Press-Republican

January 31, 2013

High winds cause problems around region

By LOIS CLERMONT and KIM SMITH DEDAM
Press-Republican

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PLATTSBURGH — High winds and mild temperatures combined Thursday to cause havoc around the North Country.

Roofs were blown off houses, several communities reported flooding, and tree limbs were down across the region, some taking power lines with them. Numerous roads were closed, included the northbound lane of the Northway, south of Exit 35, where a tractor-trailer truck overturned.

But no major injuries were reported.

HIGH WINDS

Fire department and highway crews were busy all day, answering non-stop calls for help. Wind damage and downed tree limbs were reported in Saranac, Lyon Mountain, Dannemora, Morrisonville, Altona, Champlain and Black Brook.

Heavy winds tore down trees along Route 9 between the towns of Lewis and Chesterfield, closing that road just past 9 a.m. Thursday.

Lewis Highway Superintendent Eldred Hutchins said some 15 trees were blown over, some across highways, others on top of power lines.

“We got all crews out right now cutting," he said as the sun broke through a morning cloud cover.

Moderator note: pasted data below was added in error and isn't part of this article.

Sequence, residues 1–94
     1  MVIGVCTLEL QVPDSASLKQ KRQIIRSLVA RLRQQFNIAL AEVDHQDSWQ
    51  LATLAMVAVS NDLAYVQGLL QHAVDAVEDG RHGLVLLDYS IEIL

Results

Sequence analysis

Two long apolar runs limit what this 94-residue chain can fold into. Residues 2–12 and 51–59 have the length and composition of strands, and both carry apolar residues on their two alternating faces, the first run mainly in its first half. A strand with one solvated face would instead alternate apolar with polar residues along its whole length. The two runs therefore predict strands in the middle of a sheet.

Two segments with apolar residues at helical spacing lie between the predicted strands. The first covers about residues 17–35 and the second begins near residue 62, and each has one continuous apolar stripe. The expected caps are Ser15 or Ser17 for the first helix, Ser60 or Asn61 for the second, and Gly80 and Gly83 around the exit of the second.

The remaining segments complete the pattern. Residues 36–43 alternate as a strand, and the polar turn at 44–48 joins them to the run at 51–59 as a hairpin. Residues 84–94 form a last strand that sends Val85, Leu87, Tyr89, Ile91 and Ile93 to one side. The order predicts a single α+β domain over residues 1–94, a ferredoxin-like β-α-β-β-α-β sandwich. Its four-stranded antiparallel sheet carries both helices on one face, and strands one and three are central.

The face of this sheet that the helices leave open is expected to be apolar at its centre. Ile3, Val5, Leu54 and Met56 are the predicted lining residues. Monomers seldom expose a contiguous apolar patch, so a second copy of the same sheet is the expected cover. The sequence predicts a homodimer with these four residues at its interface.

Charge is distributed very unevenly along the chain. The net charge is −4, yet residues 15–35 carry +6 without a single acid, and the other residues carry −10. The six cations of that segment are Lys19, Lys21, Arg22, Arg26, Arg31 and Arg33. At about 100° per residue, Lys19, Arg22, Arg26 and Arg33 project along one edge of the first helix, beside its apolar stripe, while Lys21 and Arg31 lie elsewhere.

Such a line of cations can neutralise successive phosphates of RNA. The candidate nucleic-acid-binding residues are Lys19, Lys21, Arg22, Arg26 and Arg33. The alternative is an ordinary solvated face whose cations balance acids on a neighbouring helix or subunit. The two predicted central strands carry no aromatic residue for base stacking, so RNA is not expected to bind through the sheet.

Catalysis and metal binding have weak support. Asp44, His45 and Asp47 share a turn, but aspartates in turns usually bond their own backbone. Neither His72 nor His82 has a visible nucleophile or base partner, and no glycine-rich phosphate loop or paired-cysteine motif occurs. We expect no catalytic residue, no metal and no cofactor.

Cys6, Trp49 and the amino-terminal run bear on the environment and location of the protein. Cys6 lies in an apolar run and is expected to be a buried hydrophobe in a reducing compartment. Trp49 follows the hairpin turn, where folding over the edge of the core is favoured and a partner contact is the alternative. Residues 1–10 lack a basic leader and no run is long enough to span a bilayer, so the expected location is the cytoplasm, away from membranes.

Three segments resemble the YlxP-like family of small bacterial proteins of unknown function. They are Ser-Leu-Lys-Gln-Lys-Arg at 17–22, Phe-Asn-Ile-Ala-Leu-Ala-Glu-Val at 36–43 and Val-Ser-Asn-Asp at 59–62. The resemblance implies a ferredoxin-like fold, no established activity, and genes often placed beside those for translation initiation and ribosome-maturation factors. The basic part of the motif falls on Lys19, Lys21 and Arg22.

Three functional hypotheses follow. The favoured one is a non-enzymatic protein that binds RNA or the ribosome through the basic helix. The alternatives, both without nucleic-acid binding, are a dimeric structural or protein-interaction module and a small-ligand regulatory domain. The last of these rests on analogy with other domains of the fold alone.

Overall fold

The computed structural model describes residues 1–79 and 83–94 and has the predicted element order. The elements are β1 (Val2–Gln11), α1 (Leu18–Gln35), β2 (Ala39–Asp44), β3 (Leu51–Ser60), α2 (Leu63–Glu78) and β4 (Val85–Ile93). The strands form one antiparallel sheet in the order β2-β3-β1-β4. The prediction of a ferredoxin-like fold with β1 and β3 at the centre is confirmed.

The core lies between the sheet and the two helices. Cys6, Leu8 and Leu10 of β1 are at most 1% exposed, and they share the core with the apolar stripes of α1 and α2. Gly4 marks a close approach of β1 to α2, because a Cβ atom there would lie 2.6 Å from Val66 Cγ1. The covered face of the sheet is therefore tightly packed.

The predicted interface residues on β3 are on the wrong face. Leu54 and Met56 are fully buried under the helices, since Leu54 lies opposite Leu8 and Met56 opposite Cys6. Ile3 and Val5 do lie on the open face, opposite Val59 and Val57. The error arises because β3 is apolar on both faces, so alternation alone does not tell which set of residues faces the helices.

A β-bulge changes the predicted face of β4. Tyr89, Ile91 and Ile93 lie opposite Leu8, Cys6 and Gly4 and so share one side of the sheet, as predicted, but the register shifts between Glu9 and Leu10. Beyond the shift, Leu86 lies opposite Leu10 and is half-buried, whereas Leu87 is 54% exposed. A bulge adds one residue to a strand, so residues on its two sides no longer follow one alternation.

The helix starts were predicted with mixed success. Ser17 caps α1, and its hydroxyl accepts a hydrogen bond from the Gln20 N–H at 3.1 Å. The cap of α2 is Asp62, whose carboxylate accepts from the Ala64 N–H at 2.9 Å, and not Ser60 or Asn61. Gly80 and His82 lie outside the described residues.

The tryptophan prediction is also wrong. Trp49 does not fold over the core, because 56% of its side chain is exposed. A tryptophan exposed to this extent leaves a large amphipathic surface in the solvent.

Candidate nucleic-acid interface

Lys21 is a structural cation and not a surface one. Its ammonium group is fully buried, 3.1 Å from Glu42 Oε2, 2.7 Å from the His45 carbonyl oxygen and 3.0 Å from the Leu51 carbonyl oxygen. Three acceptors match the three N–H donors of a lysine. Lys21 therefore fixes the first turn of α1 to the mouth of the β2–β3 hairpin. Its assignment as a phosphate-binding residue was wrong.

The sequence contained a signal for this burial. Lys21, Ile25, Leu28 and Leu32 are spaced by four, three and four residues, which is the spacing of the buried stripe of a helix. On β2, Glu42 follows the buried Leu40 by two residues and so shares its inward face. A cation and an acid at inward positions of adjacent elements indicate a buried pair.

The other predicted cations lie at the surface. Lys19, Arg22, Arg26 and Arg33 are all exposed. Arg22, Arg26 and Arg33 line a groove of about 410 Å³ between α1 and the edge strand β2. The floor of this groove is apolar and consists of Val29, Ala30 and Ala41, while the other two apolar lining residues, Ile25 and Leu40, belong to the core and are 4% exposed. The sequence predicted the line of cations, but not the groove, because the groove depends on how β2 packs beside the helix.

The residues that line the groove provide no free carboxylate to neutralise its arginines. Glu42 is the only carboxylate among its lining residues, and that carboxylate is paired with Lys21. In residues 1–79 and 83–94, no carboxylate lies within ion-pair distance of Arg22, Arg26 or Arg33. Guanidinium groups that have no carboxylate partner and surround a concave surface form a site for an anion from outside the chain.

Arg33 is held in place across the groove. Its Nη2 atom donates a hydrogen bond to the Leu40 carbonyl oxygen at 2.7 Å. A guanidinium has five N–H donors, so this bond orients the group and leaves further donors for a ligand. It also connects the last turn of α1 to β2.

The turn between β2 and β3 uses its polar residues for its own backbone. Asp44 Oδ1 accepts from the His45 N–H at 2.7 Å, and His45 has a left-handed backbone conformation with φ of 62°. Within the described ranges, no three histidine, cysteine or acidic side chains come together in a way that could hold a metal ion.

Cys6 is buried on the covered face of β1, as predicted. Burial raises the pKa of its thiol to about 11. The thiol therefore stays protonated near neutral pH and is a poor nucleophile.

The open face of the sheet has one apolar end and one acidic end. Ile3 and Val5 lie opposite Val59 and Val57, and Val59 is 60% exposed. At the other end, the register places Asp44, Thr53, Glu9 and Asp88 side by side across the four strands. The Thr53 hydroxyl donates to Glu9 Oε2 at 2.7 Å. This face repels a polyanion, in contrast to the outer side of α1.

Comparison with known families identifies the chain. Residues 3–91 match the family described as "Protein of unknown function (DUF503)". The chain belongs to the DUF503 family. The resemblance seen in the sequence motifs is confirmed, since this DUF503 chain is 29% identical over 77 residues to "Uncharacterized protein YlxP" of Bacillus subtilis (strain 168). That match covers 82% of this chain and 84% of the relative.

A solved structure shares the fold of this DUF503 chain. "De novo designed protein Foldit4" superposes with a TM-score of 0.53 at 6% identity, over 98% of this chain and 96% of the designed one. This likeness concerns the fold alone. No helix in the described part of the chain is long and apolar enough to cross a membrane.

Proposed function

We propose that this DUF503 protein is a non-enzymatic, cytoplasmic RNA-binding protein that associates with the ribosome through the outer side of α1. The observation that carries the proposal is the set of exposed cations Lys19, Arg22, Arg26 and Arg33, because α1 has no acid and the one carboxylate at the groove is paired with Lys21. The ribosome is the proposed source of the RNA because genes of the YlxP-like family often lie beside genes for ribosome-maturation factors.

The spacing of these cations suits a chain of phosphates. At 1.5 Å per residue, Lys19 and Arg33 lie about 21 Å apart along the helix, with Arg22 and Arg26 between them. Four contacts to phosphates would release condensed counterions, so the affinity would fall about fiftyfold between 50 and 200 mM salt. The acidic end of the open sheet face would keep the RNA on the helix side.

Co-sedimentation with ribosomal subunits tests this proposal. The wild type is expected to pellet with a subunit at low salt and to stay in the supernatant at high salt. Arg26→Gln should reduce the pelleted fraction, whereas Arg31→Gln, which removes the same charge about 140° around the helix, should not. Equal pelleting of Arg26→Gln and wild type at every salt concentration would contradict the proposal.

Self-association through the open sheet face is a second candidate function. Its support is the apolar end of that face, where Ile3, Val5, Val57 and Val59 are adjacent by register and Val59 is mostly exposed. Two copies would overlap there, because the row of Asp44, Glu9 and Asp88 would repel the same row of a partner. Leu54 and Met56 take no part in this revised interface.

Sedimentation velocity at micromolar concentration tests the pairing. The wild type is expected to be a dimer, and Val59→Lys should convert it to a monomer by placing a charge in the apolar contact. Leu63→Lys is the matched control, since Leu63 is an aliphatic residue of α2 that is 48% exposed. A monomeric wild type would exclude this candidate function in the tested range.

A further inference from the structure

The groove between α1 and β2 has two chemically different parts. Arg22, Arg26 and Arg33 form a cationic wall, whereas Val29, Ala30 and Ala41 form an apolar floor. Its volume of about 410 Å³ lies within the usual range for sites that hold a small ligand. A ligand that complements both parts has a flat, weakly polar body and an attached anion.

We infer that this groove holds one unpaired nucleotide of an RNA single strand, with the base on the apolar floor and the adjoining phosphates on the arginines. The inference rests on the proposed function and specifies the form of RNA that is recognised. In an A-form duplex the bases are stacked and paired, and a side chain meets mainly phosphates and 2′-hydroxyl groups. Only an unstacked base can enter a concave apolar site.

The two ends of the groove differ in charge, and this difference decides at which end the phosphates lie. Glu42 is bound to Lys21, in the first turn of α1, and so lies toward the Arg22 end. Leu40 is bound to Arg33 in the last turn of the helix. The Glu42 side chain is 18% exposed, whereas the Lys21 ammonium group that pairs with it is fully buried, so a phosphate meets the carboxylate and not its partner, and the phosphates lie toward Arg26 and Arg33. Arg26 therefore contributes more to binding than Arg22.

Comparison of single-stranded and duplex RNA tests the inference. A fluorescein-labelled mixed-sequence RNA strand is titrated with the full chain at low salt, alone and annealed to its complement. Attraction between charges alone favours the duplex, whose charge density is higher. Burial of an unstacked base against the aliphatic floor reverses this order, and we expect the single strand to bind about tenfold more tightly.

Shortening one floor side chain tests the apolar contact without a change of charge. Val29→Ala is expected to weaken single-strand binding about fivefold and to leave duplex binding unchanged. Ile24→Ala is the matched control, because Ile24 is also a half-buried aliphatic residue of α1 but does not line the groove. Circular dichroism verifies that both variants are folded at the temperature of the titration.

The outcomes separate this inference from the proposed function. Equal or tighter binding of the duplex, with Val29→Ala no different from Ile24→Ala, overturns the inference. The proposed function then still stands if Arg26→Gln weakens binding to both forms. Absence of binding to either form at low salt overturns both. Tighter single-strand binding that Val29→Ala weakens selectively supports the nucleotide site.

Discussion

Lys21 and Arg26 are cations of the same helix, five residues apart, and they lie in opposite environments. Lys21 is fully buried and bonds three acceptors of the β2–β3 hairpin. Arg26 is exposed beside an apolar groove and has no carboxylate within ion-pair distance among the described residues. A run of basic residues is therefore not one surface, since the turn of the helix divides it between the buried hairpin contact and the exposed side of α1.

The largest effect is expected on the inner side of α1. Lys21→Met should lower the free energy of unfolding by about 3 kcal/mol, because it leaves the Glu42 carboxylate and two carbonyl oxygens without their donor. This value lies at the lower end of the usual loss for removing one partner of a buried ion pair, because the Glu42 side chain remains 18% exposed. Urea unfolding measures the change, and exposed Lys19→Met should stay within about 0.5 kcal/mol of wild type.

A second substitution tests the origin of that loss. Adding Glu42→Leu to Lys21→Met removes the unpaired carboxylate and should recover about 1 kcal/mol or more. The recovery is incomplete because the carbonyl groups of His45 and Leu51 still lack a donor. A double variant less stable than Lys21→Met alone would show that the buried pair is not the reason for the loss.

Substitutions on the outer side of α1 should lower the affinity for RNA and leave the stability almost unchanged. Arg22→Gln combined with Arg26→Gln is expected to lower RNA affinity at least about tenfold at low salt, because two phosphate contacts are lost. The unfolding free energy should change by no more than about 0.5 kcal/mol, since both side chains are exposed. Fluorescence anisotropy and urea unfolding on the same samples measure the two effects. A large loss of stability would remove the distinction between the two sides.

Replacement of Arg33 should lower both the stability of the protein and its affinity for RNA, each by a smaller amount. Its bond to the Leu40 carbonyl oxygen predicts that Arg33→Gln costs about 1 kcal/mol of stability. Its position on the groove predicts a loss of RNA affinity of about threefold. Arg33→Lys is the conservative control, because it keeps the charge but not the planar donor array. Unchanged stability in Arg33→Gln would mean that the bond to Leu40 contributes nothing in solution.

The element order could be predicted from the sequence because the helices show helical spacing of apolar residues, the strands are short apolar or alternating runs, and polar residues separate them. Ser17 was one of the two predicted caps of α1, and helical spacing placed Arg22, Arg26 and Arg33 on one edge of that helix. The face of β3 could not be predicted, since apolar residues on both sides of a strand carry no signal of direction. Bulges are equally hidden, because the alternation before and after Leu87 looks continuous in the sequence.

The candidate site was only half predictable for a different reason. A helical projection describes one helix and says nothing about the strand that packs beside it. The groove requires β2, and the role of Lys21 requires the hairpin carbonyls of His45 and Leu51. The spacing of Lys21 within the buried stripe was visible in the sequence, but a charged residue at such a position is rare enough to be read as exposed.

In Black Brook, the supervisor's secretary, Karen Nelson, said problems were reported all over the place.

"Trees are down in Fern Lake, on the Golf Course Road and on the old turnpike in Silver Lake. All I know is the fire department is in two or three different places where trees are over the lines. ... The Fire Department is directing cars around the trees on the Golf Course Road."

At 11:15 a.m., trees brought down power lines on Route 9 in North Hudson, which were removed by North Hudson Fire Department and National Grid.

CITY STREET CLOSURE

In the City of Plattsburgh, Cornelia Street was closed between Draper Avenue and Beekman Street before 8:30 a.m. because of concerns about construction materials blowing off the new School of Business being built at SUNY Plattsburgh.

City Police closed off that section of street, and a large crane hoisted workers up to secure the rattling plastic sheet that covers the structure.

The street had been reopened by 9:15 a.m. The same situation occurred last week during a day of high winds.

'GOOSEBUMPS'